We are living in an era when software is allowing us to do things that even thirty years ago would have seemed like science fiction. Melodyne allows you to discretely tune notes in a guitar chord, for example. And now ADX TRAX Pro can help you separate a vocal from a backing track. It isn’t instant gratification on every track and it isn’t perfect, YET. But after using it for just an hour or so with their guidance, I was amazed at how close I could get to having an isolated vocal that I could build a brand new arrangement around. I am excited enough to spend some serious time getting really good with it and the ADX folks are really open to continue to make it even better and more user friendly.
What Is It?
TRAX Pro is a standalone app, Mac only presently although a PC version is in the works. There is also the less expensive TRAX version, which works well for more basic separation.
I have a demo that was recorded many years ago of my favorite song that I have ever written the music to, with a wonderful lyric by Harriet Schock. It was sung by the late Kin Vassy, a member of Kenny Rogers and the First Edition, and his vocal is wonderful, but the backing track is terribly dated. I will be working with a small section of this for the article. Here you can listen to it.
I can start by opening a new project with the choices selected you see in Pic 1. Then I can drag the audio file into the interface.
TRAX Pro separates it for me in the manner that you see in Pic 2 and the soloed vocal sounds like what you hear in audio example 2.
Not half bad right from the git-go. The biggest problem is the inclusion of some of my old DX7 Rhodes patch, which is really enmeshed with the vocal. I will not be able to get rid of all of it, but I can do better.
There are lots of key commands for zooming in/out, moving the view to earlier or later in the timeline, switching between the tools, etc. that are the key to a good workflow. I would start by using the eraser tool on any area where it is the DX7 in the clear, like just after 7 seconds as you see in Pic 3.
To hear the changes I am making without having to perform the “Separate” command again, which not surprisingly takes a little time for the computer to do, if I turn on the Guide Tone as you see in Pic 4, it is a little lo-fi, but I can hear the progress already as I work. After doing this, it is already better.
It will work better with a more accurate Pitch Guide track. All those tall peaks you see are either partially wrong guesses by the algorithm or areas where the DX7 is misleading it. Dragging over the notes with the Pitch Magnet tool what you see in Pic 5 goes a long way to doing this.
Now I can use the pencil tool, with the aid of the keyboard next to it or by holding the control key to find where to draw in pitches where the Pitch Guide still may not be accurate enough. My first 4 notes are G-C-D-E and see how I drew them in in Pic 6, using the Shift key to ensure I draw straight lines. Now we’re getting somewhere. I continue on with this for the rest of the audio file and Separate it again. Notice that in the upper right corner of the interface I now have the original separation and a refined one. This will be important later. There is an A > B slider to compare the two.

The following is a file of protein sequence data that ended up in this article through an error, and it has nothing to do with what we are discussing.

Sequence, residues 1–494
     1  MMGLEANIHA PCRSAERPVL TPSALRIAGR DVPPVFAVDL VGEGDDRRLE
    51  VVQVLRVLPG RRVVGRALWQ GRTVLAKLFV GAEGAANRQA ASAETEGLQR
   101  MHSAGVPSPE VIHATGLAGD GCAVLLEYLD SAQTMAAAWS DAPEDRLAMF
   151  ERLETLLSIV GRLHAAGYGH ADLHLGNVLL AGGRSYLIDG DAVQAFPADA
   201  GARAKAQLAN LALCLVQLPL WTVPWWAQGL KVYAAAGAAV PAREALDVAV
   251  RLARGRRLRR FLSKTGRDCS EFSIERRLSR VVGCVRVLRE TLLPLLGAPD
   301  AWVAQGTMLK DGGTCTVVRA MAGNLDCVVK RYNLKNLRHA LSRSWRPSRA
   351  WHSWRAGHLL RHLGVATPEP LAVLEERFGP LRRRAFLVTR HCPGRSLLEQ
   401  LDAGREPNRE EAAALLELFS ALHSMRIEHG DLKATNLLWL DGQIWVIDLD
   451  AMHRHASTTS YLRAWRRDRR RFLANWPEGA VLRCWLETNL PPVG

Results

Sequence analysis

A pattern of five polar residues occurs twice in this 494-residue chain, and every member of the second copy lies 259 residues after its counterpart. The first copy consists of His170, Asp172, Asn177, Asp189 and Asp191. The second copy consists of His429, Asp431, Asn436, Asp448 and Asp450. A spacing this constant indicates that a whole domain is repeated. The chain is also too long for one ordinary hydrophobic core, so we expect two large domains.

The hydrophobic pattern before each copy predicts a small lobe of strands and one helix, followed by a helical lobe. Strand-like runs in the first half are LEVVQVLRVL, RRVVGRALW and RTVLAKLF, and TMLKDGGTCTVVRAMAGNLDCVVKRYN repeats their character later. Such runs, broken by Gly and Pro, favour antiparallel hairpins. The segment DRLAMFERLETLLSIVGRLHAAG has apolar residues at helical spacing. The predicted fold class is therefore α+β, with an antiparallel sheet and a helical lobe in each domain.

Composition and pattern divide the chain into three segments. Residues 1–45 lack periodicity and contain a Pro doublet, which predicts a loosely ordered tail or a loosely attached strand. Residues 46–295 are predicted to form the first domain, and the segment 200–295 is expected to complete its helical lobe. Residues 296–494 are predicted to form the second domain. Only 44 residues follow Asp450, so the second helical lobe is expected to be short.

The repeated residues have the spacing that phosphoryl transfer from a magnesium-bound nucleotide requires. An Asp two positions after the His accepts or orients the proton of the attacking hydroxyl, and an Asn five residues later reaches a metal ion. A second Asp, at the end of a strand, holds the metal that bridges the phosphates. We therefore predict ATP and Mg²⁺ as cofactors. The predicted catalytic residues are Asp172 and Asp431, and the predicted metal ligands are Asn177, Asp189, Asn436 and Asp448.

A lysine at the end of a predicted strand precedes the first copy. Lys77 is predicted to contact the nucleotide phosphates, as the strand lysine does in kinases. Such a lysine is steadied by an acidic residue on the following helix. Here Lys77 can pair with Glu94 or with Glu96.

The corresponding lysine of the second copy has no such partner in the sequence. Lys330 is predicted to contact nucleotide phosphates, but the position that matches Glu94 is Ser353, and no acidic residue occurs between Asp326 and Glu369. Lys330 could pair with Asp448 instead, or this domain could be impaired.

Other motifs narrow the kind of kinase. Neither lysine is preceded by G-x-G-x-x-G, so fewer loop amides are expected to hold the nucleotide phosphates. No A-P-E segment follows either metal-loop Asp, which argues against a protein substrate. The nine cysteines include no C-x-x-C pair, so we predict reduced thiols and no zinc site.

The Process Tab
Now I move to the Process tab for further Advance Processing Options from the refined Pitch Guide under the Actions window. See Pic 7.
Ellie McNeil of ADX suggested I try to begin with the Consonants Boosts and HQ (high quality) to begin with, as it is a trial and error process. I do so and name it Processed.
Now I have 3 versions that I can make a composite from. If you have used Logic Pro X and know its Take folder with Swipe Comping feature, you will recognize what you see in Pic 8. I hold down the Shift key and drag over the areas I want from each version to create a composite.
The Spectral Tab
This is where Ellie shines and I do not yet. I am not a visual person to begin with, but when you look at my selection in Pic 9 that I have outlined with the Marquee tool (again, like Logic Pro X) I can guess that those straight lines before the wavy lines are most likely the DX7.
I hit the spacebar to hear the selection and sure enough, they are, I need only to press Command-X to delete them.
In Pic 10, I have found more to delete.
There are also Smart Attenuate and Harmonic Selection tools that I do not yet have the hang off, but darned it, I will! ☺
There is even a MIDI file import feature for creating a Pitch Guide. This thing is deep!
Here is Ellie’s finished version. Is it perfect? No. Is it good enough to use in a brand spanking new arrangement? You bet it is, in my view.
Here on the website are some more examples. There is also an html based manual and walkthrough videos that are helpful.
This is a remarkable tool that with Audionamix’s clear commitment will only get better and better. If like me, you have recordings that you would like to preserve apart from their backing track, or you are a DJ or Remix artist, you are going to love it.
Price: $499.00 or you can subscribe to it monthly for $32.99
Pros: As far as I know, there is literally no competitive product that does what this does as well.
Cons: Fairly steep learning curve, although if you know a DAW like Logic Pro X or an app like Melodyne DNA well, you will learn more quickly.
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